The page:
August Inflation Shocks Expectations
“U.S. Consumer Prices Blow Away Expectations, Rise For 27th Straight Month”… “The Hottest U.S. Inflation in 40 Years Shows Little Sign of Cooling Off”… “Stocks Tank After August Inflation Data”…
There is but a sample of today’s fevered headlines.
The August Consumer Price Index (CPI) came issuing this morning. It revealed that consumer prices increased 0.1% since July.
We might inform you that 47 of 50 polled economists “missed” — and to the downside.
Yet we are in magnanimous spirits today. And so we will not.
They nonetheless forecast a 0.1% price fall from July… and got the 0.1% price rise instead.
Rather than the 8% year-over-year inflation they projected, August year-over-year inflation came in at 8.3%
Meantime, core CPI is the Federal Reserve’s inflation metric of choice. It rinses out food and energy prices.
Today’s report reveals that core CPI galloped 0.6% in August. The wiseacres forecast a mere 0.4% jog past July’s rate.
But Gas Prices Are Down!
The foregoing presents an apparent conundrum:
Energy prices push inflation up. Yet gasoline prices are in swift retreat — are they not? It is true, the data reveal they are.
CPI’s energy component slipped 5% from July. That represents the largest backing-up since April 2020, when lockdowns entered force.
The gasoline index, most notably and conspicuously, plunged 10.6% in August.
What then explains August’s inflationary gurgles? What resolves the conundrum? Zero Hedge:
The big shock was the food index which increased 11.4% over the last year, the largest 12-month increase since the period ending May 1979, while the food at home index rose 13.5% the largest 12-month increase since the period ending March 1979.
These are the rising food prices the Federal Reserve looks away from… incidentally.
You of course cannot look away from them. Your eyes leap from their sockets each time you sight the bill, gobsmacked and astonished.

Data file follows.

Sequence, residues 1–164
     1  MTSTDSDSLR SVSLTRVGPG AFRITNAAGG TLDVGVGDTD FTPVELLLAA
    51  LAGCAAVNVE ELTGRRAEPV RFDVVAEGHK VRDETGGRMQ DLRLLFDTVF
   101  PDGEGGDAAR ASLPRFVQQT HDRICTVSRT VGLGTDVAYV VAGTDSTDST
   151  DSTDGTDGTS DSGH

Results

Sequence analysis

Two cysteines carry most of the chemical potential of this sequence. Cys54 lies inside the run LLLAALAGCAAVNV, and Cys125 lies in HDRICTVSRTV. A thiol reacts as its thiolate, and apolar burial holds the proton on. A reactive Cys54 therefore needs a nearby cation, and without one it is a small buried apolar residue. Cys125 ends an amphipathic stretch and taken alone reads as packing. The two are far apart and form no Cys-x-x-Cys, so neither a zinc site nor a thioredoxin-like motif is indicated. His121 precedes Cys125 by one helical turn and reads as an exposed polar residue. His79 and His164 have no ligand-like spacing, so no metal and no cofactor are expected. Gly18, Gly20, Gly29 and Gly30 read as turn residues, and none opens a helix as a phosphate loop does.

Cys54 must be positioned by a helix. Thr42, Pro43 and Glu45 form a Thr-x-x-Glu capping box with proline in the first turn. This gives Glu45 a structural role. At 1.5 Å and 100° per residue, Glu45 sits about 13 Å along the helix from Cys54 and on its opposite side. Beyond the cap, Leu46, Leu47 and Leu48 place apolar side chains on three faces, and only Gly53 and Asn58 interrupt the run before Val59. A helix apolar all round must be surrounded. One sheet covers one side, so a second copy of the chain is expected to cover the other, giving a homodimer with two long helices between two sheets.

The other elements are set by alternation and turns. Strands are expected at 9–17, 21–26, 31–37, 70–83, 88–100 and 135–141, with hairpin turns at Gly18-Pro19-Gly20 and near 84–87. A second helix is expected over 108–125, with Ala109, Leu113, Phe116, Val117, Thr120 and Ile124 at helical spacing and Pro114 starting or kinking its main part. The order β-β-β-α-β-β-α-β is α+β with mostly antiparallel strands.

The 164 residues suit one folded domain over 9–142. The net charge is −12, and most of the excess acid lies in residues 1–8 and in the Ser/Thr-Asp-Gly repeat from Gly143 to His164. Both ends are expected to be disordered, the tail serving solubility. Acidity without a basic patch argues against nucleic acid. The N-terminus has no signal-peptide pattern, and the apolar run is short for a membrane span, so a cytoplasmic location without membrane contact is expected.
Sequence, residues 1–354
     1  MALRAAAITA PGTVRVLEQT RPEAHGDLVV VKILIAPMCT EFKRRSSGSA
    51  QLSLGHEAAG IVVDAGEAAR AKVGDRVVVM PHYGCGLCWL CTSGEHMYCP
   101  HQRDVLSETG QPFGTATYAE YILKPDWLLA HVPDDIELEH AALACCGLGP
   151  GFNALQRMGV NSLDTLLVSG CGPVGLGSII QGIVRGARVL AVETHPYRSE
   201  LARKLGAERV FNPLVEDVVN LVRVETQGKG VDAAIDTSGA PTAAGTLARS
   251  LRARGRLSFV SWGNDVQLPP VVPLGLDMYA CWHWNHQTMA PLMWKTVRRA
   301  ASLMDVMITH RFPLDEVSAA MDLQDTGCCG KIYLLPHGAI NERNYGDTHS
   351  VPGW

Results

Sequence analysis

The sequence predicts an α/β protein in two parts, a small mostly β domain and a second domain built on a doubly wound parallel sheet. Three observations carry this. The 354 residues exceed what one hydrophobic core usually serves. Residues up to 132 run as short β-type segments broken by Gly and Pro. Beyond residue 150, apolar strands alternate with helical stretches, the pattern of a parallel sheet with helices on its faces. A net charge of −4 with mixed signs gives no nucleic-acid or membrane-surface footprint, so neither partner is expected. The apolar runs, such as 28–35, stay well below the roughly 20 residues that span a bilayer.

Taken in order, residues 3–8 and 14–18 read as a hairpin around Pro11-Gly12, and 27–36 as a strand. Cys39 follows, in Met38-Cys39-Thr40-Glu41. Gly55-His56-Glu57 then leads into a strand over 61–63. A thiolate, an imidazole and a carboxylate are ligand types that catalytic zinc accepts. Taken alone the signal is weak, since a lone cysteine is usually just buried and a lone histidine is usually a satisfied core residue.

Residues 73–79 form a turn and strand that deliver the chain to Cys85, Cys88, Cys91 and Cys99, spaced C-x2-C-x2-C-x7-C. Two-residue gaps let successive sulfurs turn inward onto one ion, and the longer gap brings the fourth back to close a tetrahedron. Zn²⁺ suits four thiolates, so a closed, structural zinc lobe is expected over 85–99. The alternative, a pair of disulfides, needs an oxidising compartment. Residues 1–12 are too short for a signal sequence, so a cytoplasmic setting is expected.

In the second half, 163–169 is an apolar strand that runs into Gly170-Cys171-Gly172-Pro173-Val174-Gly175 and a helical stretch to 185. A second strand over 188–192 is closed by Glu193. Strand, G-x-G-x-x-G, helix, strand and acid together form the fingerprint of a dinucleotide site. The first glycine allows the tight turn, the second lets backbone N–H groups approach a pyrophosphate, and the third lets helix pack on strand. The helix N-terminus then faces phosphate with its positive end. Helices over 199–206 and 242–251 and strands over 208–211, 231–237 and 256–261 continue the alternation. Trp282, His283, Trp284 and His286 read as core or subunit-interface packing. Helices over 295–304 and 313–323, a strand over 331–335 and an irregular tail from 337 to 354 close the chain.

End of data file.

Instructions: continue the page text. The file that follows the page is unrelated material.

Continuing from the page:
In all, 70% of the CPI bundle registered an August increase exceeding 4%.
When Will The Inflation Reduction Act Kick In?
August shelter and rent leaped to 6.24% from July’s 5.69%. Health insurance costs jumped 2.4% from July’s — and are up 24.3% on the year.
Thus “transitory” inflation has taken on a sort of permanence.
Bankrate’s Mark Hamrick gives the overall view:
The prices for necessities continue to fuel this fire, including shelter, food and medical care. The substantial decline in gasoline prices is noteworthy but doesn’t address the overall problem with inflation.
Adds Mr. Mark Zandi, chief economist with Moody’s Analytics:
The core inflation numbers were hot across the board. The breadth of the strong price increases, from new vehicles to medical care services to rent growth, everything was up strongly. That was the most disconcerting aspect of the report.
Meantime, CNBC warns that today’s report challenges “the inflation narrative”:
For the better part of a year, the inflation narrative among many economists and policymakers was that it was essentially a food and fuel problem. Once supply chains eased and gas prices abated, the thinking went, that would help lower food costs and in turn ease price pressures across the economy.